"...From Nickelodeon": The Comic Strip

(Right: The first masthead for the Sunday Rugrats strip, from Creators.Com; ©1998 Viacom.) (Left: The secondmasthead for the Sunday Rugrats strip, from Creators.Com; ©2000 Viacom.)

Rugrats From Nickelodeon was a comic strip that featured the Rugrats and their families in daily, comic-strip form. It ran from 4/5/1998 to 5/3/2003.

Presented by Creators Syndicate (syndicators of One Big Happy, B.C., The Wizard Of Id and advice columnists Ann Landers and the late Erma Bombeck) in association with Nick, the Rugrats strip featured stories designed to be enjoyable for everyone, from little kids to adults, the same hallmark associated with the TV series.

Rugrats join a line of other hit TV series that had strips in the past; unfortunately, previous series didn't last long in comic strip form. These series include The Muppets, Sesame Street, Rowan & Martin's Laugh In, I Love Lucy, Star Trek, Star Wars, Dallas, Teenage Mutant Ninja Turtles, and, most recently, The Simpsons.

The Writers

1. Scott Gray

2. Gordon Kent

3. Lee Nordling (also editor)

4. Chuck Kim

5. Scott Roberts -- He also produces his own comic book, Patty Cake & Friends, published by Slave Labor Publishing. Patty Cake also appears occasionally in Nickelodeon Magazine.

6. J. Torres

7. Mark Bilgrey

8. John Zakour

9. Rob Moran

The Artists

During the strip's 5-year life span, at least 8 artists drew the Rugrats strip, some pencils only, some inks only, some both.

(First names of 5 & 6 are unknown.)

1. Steve Crespo -- did the art for the earliest strips; still shares credit in many papers and online editions with Scott Gray.

2. Will Blyberg -- inks.

3. Gary Fields -- Does pencils and/or inks, as well as handles all the lettering (except for strips drawn by Baker and some unsigned strips). He is also a frequent contributor to Cracked magazine. Gary Fields has since quit the strip to do other projects.

4. Kyle Baker -- did pencils and inks. The lettering he uses is very similar to the ones in Peanuts (imagine Stu and Didi saying nothing but "wah-wah-wah, wah-wah-wah-wah-wah"). Kyle Baker is best known for his alternative comics work, especially graphic novels like The Cowboy Wally Show and Why I Hate Saturn, as well as the 4-issue Instant Piano mini-series with Evan Dorkin (Milk & Cheese), Mark Badger & Stephen DeStefano. His latest graphic novel from DC / Vertigo, You Are Here, is now in selected bookstores nationwide (for mature readers).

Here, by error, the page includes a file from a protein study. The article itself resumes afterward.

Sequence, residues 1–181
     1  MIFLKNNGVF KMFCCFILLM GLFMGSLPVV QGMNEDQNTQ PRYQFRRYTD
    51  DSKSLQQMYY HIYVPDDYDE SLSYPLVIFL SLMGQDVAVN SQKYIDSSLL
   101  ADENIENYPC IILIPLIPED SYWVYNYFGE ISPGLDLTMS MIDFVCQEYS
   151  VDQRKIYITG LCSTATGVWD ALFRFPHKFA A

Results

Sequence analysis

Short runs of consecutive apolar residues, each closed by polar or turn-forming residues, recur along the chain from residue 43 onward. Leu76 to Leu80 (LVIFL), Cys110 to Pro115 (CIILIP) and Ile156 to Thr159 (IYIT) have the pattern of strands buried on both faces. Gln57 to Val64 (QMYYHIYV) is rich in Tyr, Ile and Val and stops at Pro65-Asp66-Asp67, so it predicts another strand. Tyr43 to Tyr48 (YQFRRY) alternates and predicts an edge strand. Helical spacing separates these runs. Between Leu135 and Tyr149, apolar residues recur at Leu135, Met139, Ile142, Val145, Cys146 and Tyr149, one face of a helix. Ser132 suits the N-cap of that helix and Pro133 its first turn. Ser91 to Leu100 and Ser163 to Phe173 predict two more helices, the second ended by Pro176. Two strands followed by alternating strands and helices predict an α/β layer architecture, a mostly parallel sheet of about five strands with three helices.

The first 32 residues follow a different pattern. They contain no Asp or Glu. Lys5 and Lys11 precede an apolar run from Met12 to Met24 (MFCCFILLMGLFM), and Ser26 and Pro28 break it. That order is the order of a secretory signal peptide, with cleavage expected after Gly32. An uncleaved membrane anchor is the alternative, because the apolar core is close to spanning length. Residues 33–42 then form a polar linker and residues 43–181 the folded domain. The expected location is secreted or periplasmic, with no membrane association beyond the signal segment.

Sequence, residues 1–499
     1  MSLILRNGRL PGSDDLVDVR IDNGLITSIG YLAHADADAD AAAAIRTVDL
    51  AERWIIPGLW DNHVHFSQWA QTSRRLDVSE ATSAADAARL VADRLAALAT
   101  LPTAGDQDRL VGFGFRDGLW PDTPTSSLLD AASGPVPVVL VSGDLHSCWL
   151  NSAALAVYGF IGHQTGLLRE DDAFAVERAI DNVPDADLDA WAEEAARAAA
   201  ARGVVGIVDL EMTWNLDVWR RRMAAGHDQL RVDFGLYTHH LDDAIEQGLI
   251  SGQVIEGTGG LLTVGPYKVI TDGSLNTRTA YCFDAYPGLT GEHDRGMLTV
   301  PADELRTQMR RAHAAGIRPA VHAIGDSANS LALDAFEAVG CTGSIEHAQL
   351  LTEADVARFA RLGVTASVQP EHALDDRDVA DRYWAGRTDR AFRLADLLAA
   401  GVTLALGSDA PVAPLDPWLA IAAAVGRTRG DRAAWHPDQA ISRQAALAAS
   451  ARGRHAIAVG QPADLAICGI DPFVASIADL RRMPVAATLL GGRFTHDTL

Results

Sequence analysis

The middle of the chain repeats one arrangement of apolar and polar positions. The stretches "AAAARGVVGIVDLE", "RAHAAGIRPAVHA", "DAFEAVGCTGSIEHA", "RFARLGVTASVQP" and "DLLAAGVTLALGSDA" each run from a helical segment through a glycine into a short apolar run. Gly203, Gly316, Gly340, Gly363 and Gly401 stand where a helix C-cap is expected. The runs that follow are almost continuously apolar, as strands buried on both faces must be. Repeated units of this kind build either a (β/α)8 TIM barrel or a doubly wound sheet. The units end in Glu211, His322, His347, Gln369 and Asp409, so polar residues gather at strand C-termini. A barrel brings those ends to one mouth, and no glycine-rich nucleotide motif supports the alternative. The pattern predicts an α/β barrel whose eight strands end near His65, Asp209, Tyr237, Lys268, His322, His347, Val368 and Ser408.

5. Anonymous -- some strips aren't signed at all. So far, at least 2 artists did unsigned strips. See below for details.

6. Rodrigues -- Pencils & Inks. According to Scott Roberts:

"[Rodrigues' involvement was during] a brief period wherein the strip was being farmed out to South America for art. A common practice, used by Disney as well, when production houses are looking to cut costs. There are plenty of good cartoonists in the Southern hemisphere, but the labor rates are lower."

7. Tim Harkins -- Pencils; has also taken over lettering since Fields quit.

8. Vince Giarrano -- Pencils.

9. Scott Roberts -- Pencils (see above)

How The Rugrats Strip Was Made

Each strip involves at least 3 to 5 people in the production process -- the writer, the artist (or the penciller & the inker), the letterer (who's not credited in the strip), and the editor (also not credited, though he oversees its production). Even though there's always 2 or 3 people listed in each strip's signature, the writers and artists don't actually work in teams. Everything is done through Lee Nordling, the editor, who assigns the scripts to the pencillers based on what he feels is the best match. Here, the writers submit their scripts to Nordling, who then assigns them to the artists. The finished artwork is then sent to Gary Fields for lettering, using the "Ames guide" for the best and neatest lettering. After they're finished, they send the finished product to Nordling for his approval, or if they have a question, they send Nordling the preliminary artwork for his advice. After the final product has been approved by Nordling, he submits them to Creator's, who then distribute the strips to its clients.